Asian stock markets struggled to gain ground on Wednesday as economic data showed the process of turnaround to recovery was likely to be a slow grind, and the dollar capitalized on that more cautious sentiment.

Oil held above $70 a barrel after industry inventory data showed a bigger-than-expected fall in crude stocks, which helped pare some of the previous day's losses after data unsettled investors about a potential U.S. economic rebound.

In Japan, business confidence pulled back from a record low hit three months ago, but the improvement was smaller than market players had expected and still a negative reading.

That followed an unexpectedly steep slide in U.S. consumer confidence in June, which dented optimism on Wall Street about prospects for recovery and weighed on shares in Asia.

Australia's benchmark index <.AXJO> got the new quarter off to a weak start, falling 2 percent as growth-sensitive stocks such as shopping mall owner Westfield Group lost ground.

The broader MSCI index of Asia-Pacific shares excluding Japan <.MIAPJ0000PUS> eased 0.4 percent, holding below June's 2009 peak, while Tokyo's Nikkei share average <.N225> was flat, with Orix Corp <8591.T> and All Nippon Airways <9202.T> sliding on news of possible public share offerings. <.T>

Japanese construction machinery makers such as Komatsu <6301.T> edged higher on news that China's official purchasing manager index (PMI) gained.

But analysts noted big Japanese firms in the Bank of Japan's tankan survey planned to cut capital spending, a key driver of the economy, by 9.4 percent in the year to next March, more than the market expected.

Basically, the tankan showed that things aren't all that good in the near term but seemed encouraging for the longer term, making its overall impact neutral, said Kenichi Hirano, operating officer at Tachibana Securities.

I'd have liked to see slightly better capital spending, but given the current situation it's only natural that it should fall -- after all, with production down, the last thing manufacturers can do right now is spend.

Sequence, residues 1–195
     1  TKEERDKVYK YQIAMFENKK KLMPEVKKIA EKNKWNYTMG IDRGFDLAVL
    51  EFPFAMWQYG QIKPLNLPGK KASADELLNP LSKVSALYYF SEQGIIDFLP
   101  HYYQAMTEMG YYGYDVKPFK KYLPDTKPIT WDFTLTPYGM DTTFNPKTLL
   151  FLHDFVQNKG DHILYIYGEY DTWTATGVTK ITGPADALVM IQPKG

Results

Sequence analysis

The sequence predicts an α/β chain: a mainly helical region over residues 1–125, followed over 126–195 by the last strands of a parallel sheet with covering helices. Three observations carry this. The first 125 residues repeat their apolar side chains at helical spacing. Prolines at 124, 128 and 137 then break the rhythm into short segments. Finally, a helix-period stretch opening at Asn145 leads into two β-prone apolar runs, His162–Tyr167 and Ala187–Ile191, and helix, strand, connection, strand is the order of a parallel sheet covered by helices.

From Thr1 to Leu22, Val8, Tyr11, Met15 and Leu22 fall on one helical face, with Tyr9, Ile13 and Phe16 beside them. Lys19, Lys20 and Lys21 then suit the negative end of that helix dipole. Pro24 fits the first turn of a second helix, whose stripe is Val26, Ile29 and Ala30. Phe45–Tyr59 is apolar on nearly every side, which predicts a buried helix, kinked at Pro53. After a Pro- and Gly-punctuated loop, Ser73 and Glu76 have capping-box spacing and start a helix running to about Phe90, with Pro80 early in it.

In Seoul, shares <.KS11> rose 0.8 percent helped by a slower than expected fall in South Korean exports, while component-maker LG Innotek <011070.KS> rallied on the first day of trading after it completed a merger with LG Micron Ltd.

The U.S. Conference Board's index of consumer attitudes fell in June to 49.3 from a downwardly revised 54.8 in May, deflating stocks on the last day of the quarter.

The Dow Jones industrial average <.DJI> slipped 0.97 percent, the Standard & Poor's 500 Index <.SPX> dropped 0.85 percent and the Nasdaq <.IXIC> eased 0.49 percent.

Nevertheless, Wall Street still closed out its best quarter in a decade, with the S&P 500 jumping 15.2 percent in the three months to end-June, the blue-chip Dow advancing 11 percent and the Nasdaq climbing by more than a fifth. <.N>


Markets are likely to be subdued as they await key U.S. jobs data on Thursday which help put another piece in the puzzle about how fast the world's largest economy is mending.

The dollar index <.DXY> gained 0.2 percent as the greenback took back lost ground from sterling and the yen.

The yen fell broadly as Japanese pension and mutual funds picked up overseas assets at the start of the new quarter, traders said, showing that investors are, however, still keen to put their money back to work.

The dollar climbed 0.4 percent to 96.77 yen, touching its highest in nearly two weeks, while the euro was steady at $1.4020 and sterling fell 0.2 percent to $1.6432 after surging to an 8-month high above $1.67 on Tuesday.

Gold edged higher to $929.60 an ounce, taking a breather after falling more than 1 percent the previous day when a stronger dollar prompted broad-based selling across the commodities sector.

U.S. crude futures stood at $70.59 a barrel, helped by news from the American Petroleum Institute that domestic crude stocks fell 6.8 million barrels to 349.7 million barrels last week, against analysts' forecasts of a 2 million barrel fall.